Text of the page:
In approaching the case before us, a little background about its parent lawsuit helps. Following an audit of the billing practices of O'Hara Regional Center for Rehabilitation, a long-term care facility in Denver, federal and state officials came to the view that various individuals and entities associated with the Center had provided substandard care to Medicare and Medicaid patients, and had submitted false and fraudulent claims for the care they did provide. Eventually, the relevant governmental agencies brought suit. See United States of America, et al. v. Health Care Mgmt. Partners, Ltd., et al., No. 04-CV-2340-REB-BNB (D.Colo.2004). The defendants included Health Care Management Partners, Ltd.; ORCR, Inc .; Solomon Health Management, LLC; Hersch “Ari” Krausz; David Sebbag; and V. Robert Salazar (collectively, the O'Hara Defendants).

In short order, the O'Hara Defendants contacted their insurance carriers-Zurich, Valley Forge, and certain underwriters at Lloyd's of London-demanding that the carriers provide them with a defense. Lloyd's refused to defend the O'Hara Defendants, disclaiming coverage. Zurich and Valley Forge, too, took the position that their policies didn't afford coverage but, even so, they agreed to provide a defense. At the same time, Valley Forge and Zurich reserved the right to seek reimbursement for all expenses they incurred in defending the O'Hara Defendants, should a court later agree that their policies imposed on them no duty to defend.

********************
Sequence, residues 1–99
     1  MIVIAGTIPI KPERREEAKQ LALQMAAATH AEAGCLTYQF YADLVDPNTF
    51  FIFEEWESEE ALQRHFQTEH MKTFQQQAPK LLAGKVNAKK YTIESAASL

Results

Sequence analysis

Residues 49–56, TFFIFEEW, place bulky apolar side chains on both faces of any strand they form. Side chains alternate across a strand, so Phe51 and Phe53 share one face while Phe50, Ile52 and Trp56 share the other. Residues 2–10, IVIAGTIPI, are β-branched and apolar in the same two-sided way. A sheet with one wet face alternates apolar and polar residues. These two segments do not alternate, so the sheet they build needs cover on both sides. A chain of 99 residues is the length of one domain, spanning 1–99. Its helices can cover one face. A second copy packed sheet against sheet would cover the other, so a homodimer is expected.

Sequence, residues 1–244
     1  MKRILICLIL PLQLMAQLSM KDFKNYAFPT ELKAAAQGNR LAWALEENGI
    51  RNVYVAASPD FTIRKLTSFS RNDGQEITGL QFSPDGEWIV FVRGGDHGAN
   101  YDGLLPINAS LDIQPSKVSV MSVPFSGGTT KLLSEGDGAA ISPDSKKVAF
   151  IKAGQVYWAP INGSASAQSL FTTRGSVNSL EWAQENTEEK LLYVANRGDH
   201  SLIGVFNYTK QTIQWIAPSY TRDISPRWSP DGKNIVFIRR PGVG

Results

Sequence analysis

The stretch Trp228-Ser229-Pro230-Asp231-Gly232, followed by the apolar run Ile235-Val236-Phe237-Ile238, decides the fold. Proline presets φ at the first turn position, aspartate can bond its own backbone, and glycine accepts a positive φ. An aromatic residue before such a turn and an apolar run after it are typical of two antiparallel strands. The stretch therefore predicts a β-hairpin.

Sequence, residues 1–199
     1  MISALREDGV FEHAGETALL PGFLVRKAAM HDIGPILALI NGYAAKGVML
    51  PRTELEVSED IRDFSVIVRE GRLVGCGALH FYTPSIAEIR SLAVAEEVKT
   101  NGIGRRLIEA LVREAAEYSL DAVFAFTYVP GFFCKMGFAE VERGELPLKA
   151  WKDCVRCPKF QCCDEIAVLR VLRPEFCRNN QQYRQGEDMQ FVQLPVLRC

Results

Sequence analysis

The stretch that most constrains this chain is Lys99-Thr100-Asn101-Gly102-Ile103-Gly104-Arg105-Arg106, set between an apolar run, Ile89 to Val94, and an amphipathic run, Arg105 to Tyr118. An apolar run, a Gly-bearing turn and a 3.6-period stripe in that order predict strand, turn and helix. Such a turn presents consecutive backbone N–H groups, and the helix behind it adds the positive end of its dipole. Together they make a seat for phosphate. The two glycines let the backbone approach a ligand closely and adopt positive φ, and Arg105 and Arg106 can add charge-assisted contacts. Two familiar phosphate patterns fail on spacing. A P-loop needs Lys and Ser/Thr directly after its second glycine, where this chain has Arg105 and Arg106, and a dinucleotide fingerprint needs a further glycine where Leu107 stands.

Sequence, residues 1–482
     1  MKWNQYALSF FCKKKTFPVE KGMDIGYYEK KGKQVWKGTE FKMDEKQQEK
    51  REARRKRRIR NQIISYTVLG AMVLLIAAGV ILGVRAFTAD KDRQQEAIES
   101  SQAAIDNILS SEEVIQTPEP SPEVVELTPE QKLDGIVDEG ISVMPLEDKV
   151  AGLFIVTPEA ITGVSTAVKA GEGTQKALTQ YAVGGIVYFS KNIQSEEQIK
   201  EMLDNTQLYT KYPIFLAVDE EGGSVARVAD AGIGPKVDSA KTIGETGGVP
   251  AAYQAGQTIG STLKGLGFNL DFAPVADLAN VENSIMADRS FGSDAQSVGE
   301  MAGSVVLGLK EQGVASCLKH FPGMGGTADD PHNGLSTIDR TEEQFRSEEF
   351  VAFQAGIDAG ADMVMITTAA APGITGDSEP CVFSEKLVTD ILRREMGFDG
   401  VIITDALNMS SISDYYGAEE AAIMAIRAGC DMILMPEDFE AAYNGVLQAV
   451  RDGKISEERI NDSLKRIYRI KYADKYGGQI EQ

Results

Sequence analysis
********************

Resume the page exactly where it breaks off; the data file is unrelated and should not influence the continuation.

To reserve its rights, Valley Forge sent the O'Hara Defendants a letter stating that, while it “does not believe that its defense obligations have been triggered, it has decided for now to provide a defense ․ subject to a reservation of rights, [including] ․ the right to seek a judicial determination of its coverage obligations in advance of the conclusion of the underlying matter, and to recover defense costs it has spent in the event it is determined that it had no defense obligation.” App. Vol. 11 at 2607-08. Zurich sent a similar letter, saying it “reserves its right to deny, reject, contest or disclaim any duty to defend [the O'Hara Defendants]”; “to withdraw from the defense of the ․ [l]awsuit in the event it is determined there is no coverage; and to seek and obtain reimbursement of any damages and/or defense [ ] costs [it] paid.” App. Vol. 11 at 2579. The O'Hara Defendants accepted the defense the insurance companies supplied and apparently never objected to the reservation of rights letters they received. It also appears the O'Hara Defendants were generally aware of the expenses accrued in defending them because, for example, they received copies of their counsels' litigation budgets.